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vehement
used in War and Peace

7 uses
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Definition
marked by extreme intensity — especially emotion such as anger
  • "What are you doing!" she cried vehemently.
    Book One — 1805 (77% in)
  • The vicomte appreciated this silent praise and smiling gratefully prepared to continue, but just then Anna Pavlovna, who had kept a watchful eye on the young man who so alarmed her, noticed that he was talking too loudly and vehemently with the abbe, so she hurried to the rescue.
    Book One — 1805 (10% in)
  • The old man was beside himself: moved the chair on which he was sitting noisily backward and forward, made efforts to control himself and not become vehement, but almost always did become vehement, scolded, and sometimes flung the exercise book away.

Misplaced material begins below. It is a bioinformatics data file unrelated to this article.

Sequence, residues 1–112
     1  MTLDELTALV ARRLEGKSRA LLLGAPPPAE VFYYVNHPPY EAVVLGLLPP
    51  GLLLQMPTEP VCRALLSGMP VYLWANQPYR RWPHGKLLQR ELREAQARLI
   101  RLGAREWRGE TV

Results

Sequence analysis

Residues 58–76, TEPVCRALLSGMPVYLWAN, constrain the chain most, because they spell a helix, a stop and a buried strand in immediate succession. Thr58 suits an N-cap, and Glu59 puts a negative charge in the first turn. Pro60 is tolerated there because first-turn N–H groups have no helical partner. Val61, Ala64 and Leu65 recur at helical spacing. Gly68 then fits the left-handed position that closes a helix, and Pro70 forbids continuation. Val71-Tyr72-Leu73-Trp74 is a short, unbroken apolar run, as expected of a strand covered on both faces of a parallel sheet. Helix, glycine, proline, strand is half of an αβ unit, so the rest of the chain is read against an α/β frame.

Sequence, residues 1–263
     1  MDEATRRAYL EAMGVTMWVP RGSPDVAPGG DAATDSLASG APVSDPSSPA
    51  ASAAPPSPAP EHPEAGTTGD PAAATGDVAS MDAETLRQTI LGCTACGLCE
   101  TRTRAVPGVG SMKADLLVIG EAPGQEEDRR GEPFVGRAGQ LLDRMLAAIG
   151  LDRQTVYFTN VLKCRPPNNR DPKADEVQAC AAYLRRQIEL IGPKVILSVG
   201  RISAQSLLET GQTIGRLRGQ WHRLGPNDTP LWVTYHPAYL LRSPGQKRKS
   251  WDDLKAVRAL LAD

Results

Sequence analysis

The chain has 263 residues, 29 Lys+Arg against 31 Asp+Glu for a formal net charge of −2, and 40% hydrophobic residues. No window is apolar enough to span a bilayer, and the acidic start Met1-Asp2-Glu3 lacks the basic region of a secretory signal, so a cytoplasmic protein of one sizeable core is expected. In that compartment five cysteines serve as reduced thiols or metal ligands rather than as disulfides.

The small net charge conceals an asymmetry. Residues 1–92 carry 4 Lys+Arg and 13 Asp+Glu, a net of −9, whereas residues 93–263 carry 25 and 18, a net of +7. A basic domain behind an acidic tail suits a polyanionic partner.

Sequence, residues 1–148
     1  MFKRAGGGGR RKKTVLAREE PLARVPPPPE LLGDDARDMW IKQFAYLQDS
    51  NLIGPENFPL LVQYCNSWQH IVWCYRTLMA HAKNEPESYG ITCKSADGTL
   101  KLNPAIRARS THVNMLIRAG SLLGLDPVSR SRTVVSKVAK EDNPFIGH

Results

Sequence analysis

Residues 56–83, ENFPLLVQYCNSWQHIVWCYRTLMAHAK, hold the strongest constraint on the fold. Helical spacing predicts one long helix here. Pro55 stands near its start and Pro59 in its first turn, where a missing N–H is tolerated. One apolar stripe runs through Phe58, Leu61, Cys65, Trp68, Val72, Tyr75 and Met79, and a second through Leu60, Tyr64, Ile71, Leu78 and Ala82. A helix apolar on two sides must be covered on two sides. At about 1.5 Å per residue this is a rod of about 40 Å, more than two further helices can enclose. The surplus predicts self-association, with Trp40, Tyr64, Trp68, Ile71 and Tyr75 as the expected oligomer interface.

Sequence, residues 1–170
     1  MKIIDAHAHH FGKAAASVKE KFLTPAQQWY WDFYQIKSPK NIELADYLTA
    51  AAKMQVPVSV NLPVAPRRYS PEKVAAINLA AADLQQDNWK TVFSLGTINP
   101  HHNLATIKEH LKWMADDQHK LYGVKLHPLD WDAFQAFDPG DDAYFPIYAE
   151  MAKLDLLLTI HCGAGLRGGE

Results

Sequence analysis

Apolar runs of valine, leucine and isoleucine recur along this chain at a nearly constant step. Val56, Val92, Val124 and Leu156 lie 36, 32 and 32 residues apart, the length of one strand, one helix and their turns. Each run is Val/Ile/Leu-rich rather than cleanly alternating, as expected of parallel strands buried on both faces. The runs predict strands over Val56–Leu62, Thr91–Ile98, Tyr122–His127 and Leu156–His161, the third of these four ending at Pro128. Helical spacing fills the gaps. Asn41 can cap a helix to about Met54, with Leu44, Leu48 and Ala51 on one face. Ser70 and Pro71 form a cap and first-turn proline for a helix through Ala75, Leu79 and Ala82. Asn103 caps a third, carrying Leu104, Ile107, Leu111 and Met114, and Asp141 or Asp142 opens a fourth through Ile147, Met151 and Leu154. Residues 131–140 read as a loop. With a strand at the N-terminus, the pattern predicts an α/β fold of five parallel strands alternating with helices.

Book One — 1805 (81% in)
  • The old man was beside himself: moved the chair on which he was sitting noisily backward and forward, made efforts to control himself and not become vehement, but almost always did become vehement, scolded, and sometimes flung the exercise book away.
    Book One — 1805 (81% in)
  • At the end of the meeting the Grand Master with irony and ill-will reproved Bezukhov for his vehemence and said it was not love of virtue alone, but also a love of strife that had moved him in the dispute.
    Book Six — 1808-10 (26% in)
  • Magnitski starting quizzing Stolypin about his vehemence.
    Book Six — 1808-10 (67% in)
  • And she burst into sobs with the despairing vehemence with which people bewail disasters they feel they have themselves occasioned.
    Book Eight — 1811-12 (82% in)

There are no more uses of "vehement" in War and Peace.

Typical Usage  (best examples)
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